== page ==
Research Papers: Other (Seals, Manufacturing)

A Statistical Damage Mechanics Model for Subsurface Initiated Spalling in Rolling Contacts

[+] Author and Article Information
Nihar Raje

School of Mechanical Engineering, Purdue University, West Lafayette, IN 47907nraje@purdue.edu

Farshid Sadeghi

School of Mechanical Engineering, Purdue University, West Lafayette, IN 47907sadeghi@ecn.purdue.edu

Richard G. Rateick

Engines, Systems and Services, Honeywell Aerospace, South Bend, IN 46620richard.rateick@honeywell.com

J. Tribol 130(4), 042201 (Aug 06, 2008) (11 pages) doi:10.1115/1.2959109 History: Received January 18, 2008; Revised March 18, 2008; Published August 06, 2008

Fatigue lives of rolling element bearings exhibit a wide scatter due to the statistical nature of the rolling contact fatigue failure process. Empirical life models that account for this dispersion do not provide insights into the physical mechanisms that lead to this scatter. One of the primary reasons for dispersion in lives is the stochastic nature of the bearing material. Here, a damage mechanics based fatigue model is introduced in conjunction with the idea of discrete material representation that takes the effect of material microstructure explicitly into account. Two sources of material randomness are considered: (1) the topological randomness due to geometric variability in the material microstructure and (2) the material property randomness due to nonuniform distribution of properties throughout the material. The effect of these variations on the subsurface stress fields in rolling element line contacts is studied. The damage model, which incorporates cyclic damage accumulation and progressive degradation of material properties with rolling contact cycling, is used to study the mechanisms of subsurface initiated spalling in bearing contacts. Crack initiation as well as propagation stages are modeled using damaged material zones in a unified framework. The spalling phenomenon is found to occur through microcrack initiation below the surface where multiple microcracks coalesce and subsequent cracks propagate to the surface. The computed crack trajectories and spall profiles are found to be consistent with experimental observations. The microcrack initiation phase is found to be only a small fraction of the total spalling life and the scatter in total life is primarily governed by the scatter in the propagation phase of the cracks through the microstructure. Spalling lives are found to follow a three-parameter Weibull distribution more closely compared to the conventionally used two-parameter Weibull distribution. The Weibull slopes obtained are within experimentally observed values for bearing steels. Spalling lives are found to follow an inverse power law relationship with respect to the contact pressure with a stress-life exponent of 9.35.

Copyright © 2008 by American Society of Mechanical Engineers
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Figure 2

(a) Interelement contact in the discrete model; (b) fiber model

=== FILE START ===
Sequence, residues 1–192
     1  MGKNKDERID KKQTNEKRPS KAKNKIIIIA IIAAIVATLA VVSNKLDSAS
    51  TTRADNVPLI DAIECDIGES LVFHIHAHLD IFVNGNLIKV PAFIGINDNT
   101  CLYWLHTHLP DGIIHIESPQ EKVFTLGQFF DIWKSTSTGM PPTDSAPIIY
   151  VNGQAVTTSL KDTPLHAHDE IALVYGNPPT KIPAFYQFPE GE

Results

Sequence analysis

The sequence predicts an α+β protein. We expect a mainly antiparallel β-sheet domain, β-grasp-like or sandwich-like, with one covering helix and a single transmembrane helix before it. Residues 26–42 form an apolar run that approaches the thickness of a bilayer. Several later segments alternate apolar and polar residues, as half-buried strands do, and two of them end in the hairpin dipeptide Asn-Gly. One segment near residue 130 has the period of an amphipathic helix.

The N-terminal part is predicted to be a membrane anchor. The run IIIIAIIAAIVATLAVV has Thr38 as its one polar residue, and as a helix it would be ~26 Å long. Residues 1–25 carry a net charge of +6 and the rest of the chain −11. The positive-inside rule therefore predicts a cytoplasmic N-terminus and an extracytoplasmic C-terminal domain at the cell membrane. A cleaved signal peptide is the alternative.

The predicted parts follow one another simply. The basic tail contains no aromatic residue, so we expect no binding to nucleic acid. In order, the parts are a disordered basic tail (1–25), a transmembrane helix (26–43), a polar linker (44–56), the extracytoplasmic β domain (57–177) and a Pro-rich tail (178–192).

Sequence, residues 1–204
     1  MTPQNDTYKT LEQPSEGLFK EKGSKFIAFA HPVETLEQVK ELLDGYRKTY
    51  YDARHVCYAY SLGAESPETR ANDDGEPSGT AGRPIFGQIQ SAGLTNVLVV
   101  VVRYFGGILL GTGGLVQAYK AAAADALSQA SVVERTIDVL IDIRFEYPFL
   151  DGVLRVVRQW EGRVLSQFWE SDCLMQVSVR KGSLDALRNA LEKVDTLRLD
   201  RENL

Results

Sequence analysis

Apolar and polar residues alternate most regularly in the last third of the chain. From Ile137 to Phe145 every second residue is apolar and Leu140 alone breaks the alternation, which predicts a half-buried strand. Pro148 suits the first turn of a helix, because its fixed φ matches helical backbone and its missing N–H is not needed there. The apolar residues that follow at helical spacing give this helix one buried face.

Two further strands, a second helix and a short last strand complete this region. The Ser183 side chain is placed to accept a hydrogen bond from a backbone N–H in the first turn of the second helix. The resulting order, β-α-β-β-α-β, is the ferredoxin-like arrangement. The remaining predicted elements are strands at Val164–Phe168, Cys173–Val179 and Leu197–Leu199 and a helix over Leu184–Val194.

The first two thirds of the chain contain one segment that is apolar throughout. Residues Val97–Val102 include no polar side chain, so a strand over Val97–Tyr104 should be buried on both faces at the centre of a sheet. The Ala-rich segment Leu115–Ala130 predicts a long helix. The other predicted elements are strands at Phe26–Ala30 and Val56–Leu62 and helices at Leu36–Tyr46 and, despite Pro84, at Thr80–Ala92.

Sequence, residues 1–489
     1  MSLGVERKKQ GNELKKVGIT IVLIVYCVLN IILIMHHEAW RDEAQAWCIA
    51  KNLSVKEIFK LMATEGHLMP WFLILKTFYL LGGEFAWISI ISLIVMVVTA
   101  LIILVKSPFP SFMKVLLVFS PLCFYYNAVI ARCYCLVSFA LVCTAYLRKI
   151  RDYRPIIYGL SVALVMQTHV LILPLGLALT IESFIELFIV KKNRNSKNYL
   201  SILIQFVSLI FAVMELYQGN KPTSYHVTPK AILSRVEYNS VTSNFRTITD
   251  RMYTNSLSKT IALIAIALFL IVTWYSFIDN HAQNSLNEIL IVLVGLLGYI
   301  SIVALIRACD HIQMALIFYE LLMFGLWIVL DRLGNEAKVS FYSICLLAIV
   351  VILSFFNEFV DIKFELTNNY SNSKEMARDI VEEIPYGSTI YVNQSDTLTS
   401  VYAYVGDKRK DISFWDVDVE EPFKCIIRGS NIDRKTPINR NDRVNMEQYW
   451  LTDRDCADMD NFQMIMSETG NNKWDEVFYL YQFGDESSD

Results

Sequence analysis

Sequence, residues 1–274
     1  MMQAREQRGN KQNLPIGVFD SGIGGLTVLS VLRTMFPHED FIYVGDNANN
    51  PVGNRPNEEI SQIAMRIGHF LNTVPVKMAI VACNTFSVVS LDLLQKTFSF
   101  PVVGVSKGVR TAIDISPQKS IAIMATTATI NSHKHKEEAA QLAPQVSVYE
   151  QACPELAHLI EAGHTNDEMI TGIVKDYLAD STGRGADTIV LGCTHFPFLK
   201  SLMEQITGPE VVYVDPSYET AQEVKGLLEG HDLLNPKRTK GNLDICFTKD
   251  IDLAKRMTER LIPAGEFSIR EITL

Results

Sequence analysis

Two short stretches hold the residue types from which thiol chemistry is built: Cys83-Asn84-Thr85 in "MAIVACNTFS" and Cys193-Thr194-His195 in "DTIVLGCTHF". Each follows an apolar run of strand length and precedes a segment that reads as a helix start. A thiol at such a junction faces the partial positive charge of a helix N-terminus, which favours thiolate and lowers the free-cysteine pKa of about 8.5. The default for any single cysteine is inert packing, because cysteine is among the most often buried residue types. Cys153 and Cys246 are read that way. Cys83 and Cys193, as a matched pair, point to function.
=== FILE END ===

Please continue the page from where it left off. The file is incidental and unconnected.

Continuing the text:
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Figure 3

Simulation of a rolling contact cycle

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Figure 1

(a) Discrete representation of the semi-infinite domain forming the bearing line contact; (b) zoomed view

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Figure 15

Weibull life plots with variable elastic properties

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Figure 16

A material domain with five initial flaws

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Figure 4

Stress components on an interelement joint in rolling contact

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Figure 5

Degradation of joint tangential stiffness with damage accumulation

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Figure 6

Piecewise linear approximation for damage evolution

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Figure 7

S-N curve for bearing steel AISI-52100 in completely reversed torsion (26)

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Figure 8

Formation of subsurface initiated spall through microcrack initiation and coalescence; (a) first microcrack initiated (11.84×106cycles), (b) multiple microcracks initiated (14.83×106cycles), and (c) multiple crack coalescence and spall formation (123.25×106cycles)

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Figure 9

Damage evolution in a randomly selected interelement joint

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Figure 10

Subsurface initiated spalls for different material domains

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Figure 11

Relative initiation and propagation lives for different material domains

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Figure 12

Weibull life plots for different material domains with constant elastic properties

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Figure 13

Effect of damage increment ΔD on fatigue life

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Figure 14

The three-parameter Weibull curve fitted to model data

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Figure 17

Weibull life plots with internal flaws: (a) initiation lives and (b) total lives

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Figure 18

Weibull life plots for different contact pressures

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Figure 19

Variation of L10 life with contact pressure (E=200GPa constant)

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Figure 20

Variation of percentage of life spent in crack initiation with contact pressure (E=200GPa constant)



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